PolitiFact Virginia: The McAuliffe Effect | Community Idea Stations

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PolitiFact Virginia: The McAuliffe Effect

Former Gov. Terry McAuliffe says he won’t run for president in 2020 because final touches are needed on his recoloring of Virginia.

“I’m going back. I started the mission in Virginia,” the Democrat said during an April 18 CNN interview. “It was a red state when I started. When I left, it was a blue state.”

“I started it. I need to finish it,” McAuliffe, who was governor from 2014 to 2018,” repeated a moment later.

The Associated Press quoted McAuliffe making a similar statement on March 19. “I took a red state and made it blue,” he said.

No doubt, Virginia partisan color has changed this century. In 2001, all three state-elected officials in Virginia government - governor, lieutenant governor and attorney general - were Republicans. The GOP controlled both General Assembly chambers, both Virginia seats in the U.S. Senate, and eight of 11 seats in the House of Representatives.

This year, Democrats hold the top three state offices, both seats in the U.S. Senate and seven of 11 in the House.

McAuliffe’s unfinished business comes this fall when all 140 General Assembly seats will be on ballots. Democrats are on the cusp of winning majorities in both chambers for the first time in 25 years, and McAuliffe wants to lead them to victory. In 2020, he wants to play a major role in preserving Virginia’s status as blue state in presidential elections, and in expanding the Democratic majority in the state’s congressional delegation.

Did all these red-to-blue changes start with McAuliffe, as the former governor likes to say?

We asked three political scientists and each was unwilling to give him that credit. They said McAuliffe’s popularity as governor and fundraising prowess has greatly helped Democrats. But they added that Virginia was already changing color when McAuliffe won.

“I think he made it bluer,” said Bob Holsworth, a political scientist with long ties to Virginia Commonwealth University.

Larry Sabato, a political scientist at the University of Virginia, said the state “arguably” started turning blue when it voted for Democrat Barack Obama in the 2008 presidential election. Virginia had backed Republicans in the 10 previous presidential elections, beginning in 1968.

Obama carried the state again in 2012, starting a current streak of 11 statewide elections won by Democrats for president, U.S. senator, governor, lieutenant governor and attorney general. In 2016, Virginia was the only Southern state to back Democrat Hillary Clinton for president over Republican Donald Trump.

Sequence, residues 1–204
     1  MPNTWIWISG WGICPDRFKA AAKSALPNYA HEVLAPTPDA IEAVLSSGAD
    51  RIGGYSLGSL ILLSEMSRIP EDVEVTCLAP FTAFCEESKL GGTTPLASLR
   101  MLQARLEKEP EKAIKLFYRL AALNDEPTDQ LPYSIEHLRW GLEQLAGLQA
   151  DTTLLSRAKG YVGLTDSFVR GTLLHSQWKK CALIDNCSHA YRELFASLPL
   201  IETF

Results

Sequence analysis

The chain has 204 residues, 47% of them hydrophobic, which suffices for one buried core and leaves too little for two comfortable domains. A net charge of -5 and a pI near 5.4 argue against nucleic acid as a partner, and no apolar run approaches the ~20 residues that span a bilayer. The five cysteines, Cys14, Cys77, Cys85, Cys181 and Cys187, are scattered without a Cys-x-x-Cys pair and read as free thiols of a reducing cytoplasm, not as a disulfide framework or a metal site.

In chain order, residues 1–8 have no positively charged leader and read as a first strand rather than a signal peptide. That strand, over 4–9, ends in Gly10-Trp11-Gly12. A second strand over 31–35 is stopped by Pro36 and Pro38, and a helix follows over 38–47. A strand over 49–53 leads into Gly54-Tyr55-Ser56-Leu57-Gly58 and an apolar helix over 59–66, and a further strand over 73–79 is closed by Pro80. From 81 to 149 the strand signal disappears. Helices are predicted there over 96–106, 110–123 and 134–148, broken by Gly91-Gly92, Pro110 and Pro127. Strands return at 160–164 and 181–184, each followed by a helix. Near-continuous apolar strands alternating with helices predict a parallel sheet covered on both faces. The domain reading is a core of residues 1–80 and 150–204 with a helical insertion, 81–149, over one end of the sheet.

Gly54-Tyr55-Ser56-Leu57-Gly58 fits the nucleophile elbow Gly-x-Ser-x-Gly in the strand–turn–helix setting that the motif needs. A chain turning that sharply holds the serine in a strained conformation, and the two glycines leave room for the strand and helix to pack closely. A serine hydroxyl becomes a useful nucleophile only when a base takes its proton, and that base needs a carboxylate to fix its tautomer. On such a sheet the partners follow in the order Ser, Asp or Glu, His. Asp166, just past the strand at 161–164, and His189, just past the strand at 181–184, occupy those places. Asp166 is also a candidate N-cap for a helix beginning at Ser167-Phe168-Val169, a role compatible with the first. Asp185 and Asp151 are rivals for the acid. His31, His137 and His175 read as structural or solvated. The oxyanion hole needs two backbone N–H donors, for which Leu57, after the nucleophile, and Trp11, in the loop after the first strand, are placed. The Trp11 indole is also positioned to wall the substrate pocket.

Political scientists largely attribute the bluing to growth in the state’s three largest suburban areas: Northern Virginia, Hampton Roads and Richmond. Many of the new suburbanites are white collar, college educated, and first-time Virginians.

Change has come slower in local races for the General Assembly and the U.S. House, where Republicans have had control of drawing election maps. That’s especially been an issue in Virginia’s House of Delegates, where a federal court has ordered a redrawing of the maps because of gerrymandering. Republicans have appealed the case to the U.S. Supreme Court.

Despite the maps, the House may be on the verge of turning blue after a Democratic breakthrough in 2017 elections. Republicans lost 15 seats that year and saw their majority shrink to 51-49. One race was too close to call and decided, in the GOP’s favor, by drawing paper from a bowl.

Democrats in 2017 also swept the statewide posts - governor, lieutenant governor, and attorney general - for the second straight election. Much of the blue surge has been attributed to backlash against President Donald Trump.

“Donald Trump is the best thing that ever happened to Virginia Democrats and will play a pivotal role in their effort to flip control of the General Assembly in the fall,” said Rachel Bitecofer, a political scientist at Christopher Newport University.

Control of the state Senate, where Republicans hold a 21-19 majority, is also up for grabs this fall. The GOP has controlled the chamber for 16 of the last 20 years, but haven’t held more than 23 seats.

Let’s get back to McAuliffe. We decided not to place a fact-check rating on his statement because the determination of red and blue and when Virginia turned can be subjective. So can McAuliffe’s role in the change.

We asked for a response from McAuliffe and got a written statement from Jake Rubenstein, communications director for Democratic Party of Virginia. "...Terry McAuliffe's tireless commitment to the Democratic Party in Virginia and outstanding success as Governor has made Virginia a blue state. Plain and simple," he wrote. As backup, Rubenstein cited election results starting in 2013 with McAuliffe’s win for governor.

We’ll conclude with the words of Holsworth, one of our political scientists. He said McAuliffe deserves “credit for enhancing and maintaining the position of Democrats. But he can’t take credit for the trends that were in place. That’s hyperbolic.”

 

Sources

Terry McAuliffe, CNN interview , April 16, 2019 (-3:55 mark).

Associated Press, “ McAuliffe says decision coming soon on 2020 run ,” May 18, 2018.

Interview with Bob Holsworth, political scientist, May 2, 2019.

Interview with Larry Sabato, political scientist at the University of Virginia, May 2, 2019.

Email from Rachel Bitecofer, political scientist at Christopher Newport University, <ay 2, 2019.

Email from Jake Rubenstein, communications director for the Democratic Party of Virginia, May 6, 2019.

USA Today, “ And the winner is...Republican wins after name drawn from a bowl in House race ,” Jan. 4, 2018.